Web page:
The religion in Olympic tourism
This article considers the dynamics of meaning and identity in the context of modern Olympic tourism through the lens of religion and spirituality. Pierre de Coubertin’s vision of the Olympics as a social institution had, from its inception, aspirations beyond the realm of sport. He conceived of a revival of the Games in 1889, and campaigned until 1894, when the international Congress established the International Olympic Committee (IOC), determining that ‘the ﬁrst Games should be at Athens in 1896, the second in Paris in 1900, and thereafter every four years in other cities of the world’ (Hill, 1996, p. 21). Athletes from the 11 competing nations at the ﬁrst modern Games in 1896 were drawn to the event by the force of de Coubertin’s personality, as his promotion of the nascent Olympic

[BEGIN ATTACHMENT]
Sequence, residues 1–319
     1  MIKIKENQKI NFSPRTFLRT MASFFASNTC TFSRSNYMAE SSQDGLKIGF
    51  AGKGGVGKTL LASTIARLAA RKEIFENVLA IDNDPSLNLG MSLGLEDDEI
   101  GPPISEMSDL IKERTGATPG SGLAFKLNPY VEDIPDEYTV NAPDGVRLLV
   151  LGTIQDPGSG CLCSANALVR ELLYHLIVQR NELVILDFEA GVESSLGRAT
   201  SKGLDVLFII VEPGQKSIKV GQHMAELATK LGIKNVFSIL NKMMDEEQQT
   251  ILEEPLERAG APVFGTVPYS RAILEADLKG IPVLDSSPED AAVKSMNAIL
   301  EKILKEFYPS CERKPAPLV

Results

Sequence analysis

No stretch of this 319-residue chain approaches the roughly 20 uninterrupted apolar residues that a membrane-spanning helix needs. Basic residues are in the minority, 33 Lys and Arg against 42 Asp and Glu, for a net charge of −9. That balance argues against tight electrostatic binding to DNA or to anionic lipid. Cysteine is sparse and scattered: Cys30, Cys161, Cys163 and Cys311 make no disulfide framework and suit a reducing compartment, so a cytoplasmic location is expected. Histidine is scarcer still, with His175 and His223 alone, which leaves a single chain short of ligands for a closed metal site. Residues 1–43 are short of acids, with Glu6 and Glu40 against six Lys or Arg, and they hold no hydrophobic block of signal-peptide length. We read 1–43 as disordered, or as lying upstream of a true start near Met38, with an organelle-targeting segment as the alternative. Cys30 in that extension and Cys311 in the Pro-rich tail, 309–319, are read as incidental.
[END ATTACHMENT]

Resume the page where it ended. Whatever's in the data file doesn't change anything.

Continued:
and Carole M. Cusack
movement was singular and emphatic (MacAloon, 1981, pp. 154-194). Throughout its history, organisers and participants in the modern Games have used religion symbolically and rhetorically. For example, Carl Diem, the organiser of the 1936 Games in Nazi Germany, stated that the Games were undertaken with ‘a holy purpose’ (cited in Crowther, 2004, p. 446). Before the 1996 Games in Atlanta, Juan Antonio Samaranch stated that the Games were ‘more important than the Catholic religion’ (Senn, 2008).